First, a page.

ENT procedures; lornoxicam; post-operative pain relief; tramadol
22.  Ring block with levobupivacaine 0.25% and paracetamol vs. paracetamol alone in children submitted to three different surgical techniques of circumcision: A prospective randomized study 
Saudi Journal of Anaesthesia  2014;8(1):45-50.
Background:
circumcision in children is a painful procedure. We aim compare the intraoperative and postoperative efficacy of three different surgical procedures of the ring block using levobupivacaine 0.25% combined with rectal paracetamol as opposed to rectal paracetamol alone.
Methods:
the study included 106 boys scheduled to undergo circumcision. The patients were randomly assigned within two groups to receive either ring block with levobupivacaine 0.25% and rectal paracetamol 30 mg/kg, or rectal paracetamol 30 mg/kg alone. The following surgical procedures were performed: sutureless proctoplasty, preputial plasty, and conventional circumcision. The efficacy of intraoperative analgesia was estimated on the basis of increases in heart rate and mean arterial pressure. Postoperatively, children were assessed for pain, pain-free (PF) period, and the total doses of analgesics administered during hospitalization, on the day after discharge, and on the first and second postoperative days.
Results:
all children remained stable during anesthesia. Postoperatively, the mean pain score did not show statistical differences between the groups. Children who received combined analgesia had a longer PF period (P < 0.001). However, the total doses of paracetamol administered during the observational period showed no differences. Children undergoing sutureless prepuceplasty received lower doses of paracetamol postoperatively (P < 0.001).
Conclusion:
subcutaneous ring block either with levobupivacaine 0.25% plus rectal paracetamol or rectal paracetamol alone provides adequate intraoperative and postoperative analgesia in circumcised children. However, combined analgesia allows a longer PF period. The need for less analgesic administration in children undergoing sutureless prepuceplasty could mean that the circumcision techniques might be a mitigating factor in terms of pain.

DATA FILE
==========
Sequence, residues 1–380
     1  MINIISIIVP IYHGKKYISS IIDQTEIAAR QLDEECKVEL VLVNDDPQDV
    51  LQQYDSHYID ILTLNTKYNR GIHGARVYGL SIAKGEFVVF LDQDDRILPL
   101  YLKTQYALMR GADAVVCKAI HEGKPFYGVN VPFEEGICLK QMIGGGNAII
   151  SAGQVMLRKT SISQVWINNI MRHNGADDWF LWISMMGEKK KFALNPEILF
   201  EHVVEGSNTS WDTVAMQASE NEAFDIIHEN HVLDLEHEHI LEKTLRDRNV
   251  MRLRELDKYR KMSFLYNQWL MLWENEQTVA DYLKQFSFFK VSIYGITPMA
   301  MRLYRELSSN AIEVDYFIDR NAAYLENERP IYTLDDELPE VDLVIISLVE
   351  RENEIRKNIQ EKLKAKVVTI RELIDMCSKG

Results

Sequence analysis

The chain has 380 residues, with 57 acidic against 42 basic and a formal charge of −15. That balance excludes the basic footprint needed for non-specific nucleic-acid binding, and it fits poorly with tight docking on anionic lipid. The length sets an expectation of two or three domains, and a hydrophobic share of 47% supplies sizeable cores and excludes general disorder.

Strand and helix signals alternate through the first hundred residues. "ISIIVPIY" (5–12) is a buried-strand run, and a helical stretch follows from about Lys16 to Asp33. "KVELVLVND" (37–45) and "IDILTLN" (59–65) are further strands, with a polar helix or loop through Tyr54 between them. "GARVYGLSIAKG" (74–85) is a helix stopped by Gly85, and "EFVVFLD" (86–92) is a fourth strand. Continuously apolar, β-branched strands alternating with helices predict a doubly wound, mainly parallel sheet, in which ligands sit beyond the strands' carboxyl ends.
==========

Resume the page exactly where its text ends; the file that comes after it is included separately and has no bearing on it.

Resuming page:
doi:10.4103/1658-354X.125936
PMCID: PMC3950452  PMID: 24665239
Circumcision; levobupivacaine; paracetamol
23.  A comparison of the analgesic efficacy of transforaminal methylprednisolone alone and with low doses of clonidine in lumbo-sacral radiculopathy 
Saudi Journal of Anaesthesia  2014;8(1):51-58.
Background:
Although transforaminal epidural steroid injections under fluoroscopic guidance have become a common mode of treatment of lumbosacral radiculopathy due to herniated disc, the efficacy of steroid with low doses of clonidine has not been compared yet.
Objectives:
Comparison of the analgesic efficacy of methylprednisolone alone and with low doses of clonidine for transforaminal injection in lumbosacral radiculopathy.
Study Design:
A randomized, double-blind trial.
Setting:
This study was performed at the Pain Clinic under the Department of Anaesthesiology, Jawaharlal Nehru Medical College Hospital, Aligarh Muslim University, Aligarh, India.
Methods:
One hundred and eighty ASA grade I and II patients aged between 18 and 55 years were allocated into groups I, II and III to receive methylprednisolone 60 mg alone or methylprednisolone 60 mg with or without low doses of clonidine (0.5 mcg/kg or 1 mcg/kg) as transforaminal epidural injection. Pain relief and patient's satisfaction were evaluated with the global pain scale. Follow-up visits were advised at 1, 2, 4, 6 and 12 weeks and then at 6 months after injection. Associated complications were recorded.
Results:
Maximum pain relief was observed at 2 weeks after injection in all the three groups, with no difference in complication rate among the three groups. The most common complication observed was paresthesia in the nerve distribution. Greater than 60% improvement in pain scores was seen in 40% of the patients in group I, 50% of the patients in group II and 75% of the patients in group III.
Limitations:
This study is limited by the lack of a placebo group.
Conclusion: